Week 1 :: Find your practice

This foundational breath practice serves two vital roles. Firstly, as a means of starting to observe the breath. To feel where it is rough or smooth, short or long. Take the time to learn the patterns of your breathing by spending time observing it. It may seem as though it doesn't matter, but this is the technique that serves all other breath techniques. Secondly, it is a chance to explore the 3 primary areas that we direct the breath - belly, ribs/chest, upper chest/collarbones. Our ability to locate these three areas and place our breath with intention is another essential skill we will build on.

Mediation for Balance and Integration creates the ability to direct your mind to one point of focus. Meditation is not the absence of thought, but a one-pointed mind. As we move our attention from one finger to another, we build an awareness and a focus that we can use for other meditation techniques. At the same time, we start to notice that where we place our attention we can create sensation and presence. As we conclude in the midbrain we find we can connect with a deeper, more subtle sense of ourselves and our own overall presence. Enjoy xx

Week 2 :: Find your direction

Here we build on the first week by reestablishing the three main places for our breath - belly, ribs, collarbones. Then we explore the passive and active nature of the breath. By learning that we can allow the breath as well as participate in it, help it, shape it, increase or decrease it, we can start to build inner trust and inner stability. This is a cornerstone to any further breath practice. Keep at it. It will pay off!

Meditation is not sitting without thoughts. Meditation, or more specifically, dharana, is the ability to put our mind to one point at a time. We learn this through practice. This mediation takes the quiet of our breath and places the sensation of breath - inhale and exhale - through different parts of the body. Using our mind's familiarity with our sensations, we give it different locations to settle into. As a result, the healing quality of the breath is spread through the body and the stillness at the end leaves us in sweet radiance. Enjoy xx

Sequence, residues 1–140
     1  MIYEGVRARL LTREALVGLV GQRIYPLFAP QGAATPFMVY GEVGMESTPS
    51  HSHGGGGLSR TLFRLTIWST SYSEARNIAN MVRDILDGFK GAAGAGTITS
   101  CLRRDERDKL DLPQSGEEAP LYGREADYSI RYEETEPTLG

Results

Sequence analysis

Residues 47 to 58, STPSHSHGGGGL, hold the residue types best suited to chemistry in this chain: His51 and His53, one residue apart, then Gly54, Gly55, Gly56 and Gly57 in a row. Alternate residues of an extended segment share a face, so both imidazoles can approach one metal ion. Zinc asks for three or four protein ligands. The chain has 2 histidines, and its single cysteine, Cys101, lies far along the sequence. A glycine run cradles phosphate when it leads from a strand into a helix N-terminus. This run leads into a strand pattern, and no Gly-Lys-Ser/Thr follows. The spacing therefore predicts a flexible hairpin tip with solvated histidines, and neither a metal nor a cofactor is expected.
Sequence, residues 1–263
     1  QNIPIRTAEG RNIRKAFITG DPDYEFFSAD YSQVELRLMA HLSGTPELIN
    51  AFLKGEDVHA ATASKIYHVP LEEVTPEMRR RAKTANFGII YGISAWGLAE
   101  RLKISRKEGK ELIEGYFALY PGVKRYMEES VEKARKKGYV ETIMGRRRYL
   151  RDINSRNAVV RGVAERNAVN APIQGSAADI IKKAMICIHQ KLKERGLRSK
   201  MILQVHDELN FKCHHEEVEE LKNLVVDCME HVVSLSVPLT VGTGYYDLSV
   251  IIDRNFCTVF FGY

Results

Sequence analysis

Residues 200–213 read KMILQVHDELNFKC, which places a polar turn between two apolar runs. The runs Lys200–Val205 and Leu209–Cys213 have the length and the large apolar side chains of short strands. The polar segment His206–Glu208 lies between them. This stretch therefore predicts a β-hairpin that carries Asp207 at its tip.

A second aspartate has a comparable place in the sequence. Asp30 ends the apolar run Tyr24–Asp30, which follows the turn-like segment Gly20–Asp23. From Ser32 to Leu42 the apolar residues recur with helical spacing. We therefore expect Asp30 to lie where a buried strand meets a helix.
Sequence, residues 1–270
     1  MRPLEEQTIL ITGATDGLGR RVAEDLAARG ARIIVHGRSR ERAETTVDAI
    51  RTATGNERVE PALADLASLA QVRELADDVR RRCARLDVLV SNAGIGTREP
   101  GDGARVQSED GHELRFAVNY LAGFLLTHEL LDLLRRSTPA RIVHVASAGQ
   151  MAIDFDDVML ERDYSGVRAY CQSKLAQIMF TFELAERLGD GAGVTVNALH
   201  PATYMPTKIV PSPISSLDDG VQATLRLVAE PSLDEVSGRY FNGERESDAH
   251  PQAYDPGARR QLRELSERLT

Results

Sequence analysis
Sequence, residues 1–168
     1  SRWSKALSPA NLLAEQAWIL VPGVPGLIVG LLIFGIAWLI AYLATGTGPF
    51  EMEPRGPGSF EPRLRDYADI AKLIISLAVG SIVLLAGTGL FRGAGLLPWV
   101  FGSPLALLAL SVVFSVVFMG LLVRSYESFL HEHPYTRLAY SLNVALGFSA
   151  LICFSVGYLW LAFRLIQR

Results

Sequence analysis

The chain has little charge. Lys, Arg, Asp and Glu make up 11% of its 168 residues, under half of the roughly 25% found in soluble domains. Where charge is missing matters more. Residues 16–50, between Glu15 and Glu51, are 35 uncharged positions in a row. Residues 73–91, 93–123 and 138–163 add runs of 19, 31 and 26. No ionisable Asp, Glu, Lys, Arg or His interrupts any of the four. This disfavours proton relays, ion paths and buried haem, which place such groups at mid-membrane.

Week 3 :: Find your core

A quick review of the 3-part breath and the active and passive nature of the breath. Then putting these together we can create 'wheels' for the breath to roll through the belly, through the chest, and up through the collarbones. This creates focus in the mind and dexterity in the breath. A foundation technique that supports an increase in breath capacity and lays the ability for more complicated pranayama to follow.

Arohan Awarohan creates a map of the breath. The patterns followed in AA are pre-existing breath and prana passageways in the fascia, nadir, and subtle points of the body. By visualizing AA, you are purifying these pathways by directing of your attention. Also known as the Figure 8 kriya, it originates and terminates at the perineal body (root) at the pubic bone. Inhalation moves from the root, up the front of the body, crossing over at the jugular notch, back to bindu (back of head), to brahmaranda (top of the head), and into ajna (in the mid-brain). Exhalation moves from ajna to the cervical vertebrae in the base of the back neck, down the back of the body and back to the root (tailbone).

Week 4 :: Find your heart

Breath 4: Ujjai - Breath of victory (coming soon)

Meditation 4: Lotus Heart Meditation (coming soon) Mantras used are Aham Brahamasi "I am all that is", Aham Prema "I am love." 

Week 5 :: Find your community

Self blessing. This is both a meditation and a breath practice. Both working together to elevate ourselves and create care and self awareness when you are in need. Start sitting tall. Palms together. Steady and tall. Then the hands separate and rise to make a diamond of the arms, hands just higher than the crown, palms facing the head. Elbows the height of your ears. At the end, feel free to stay longer after the recording concludes. Let the sensations linger.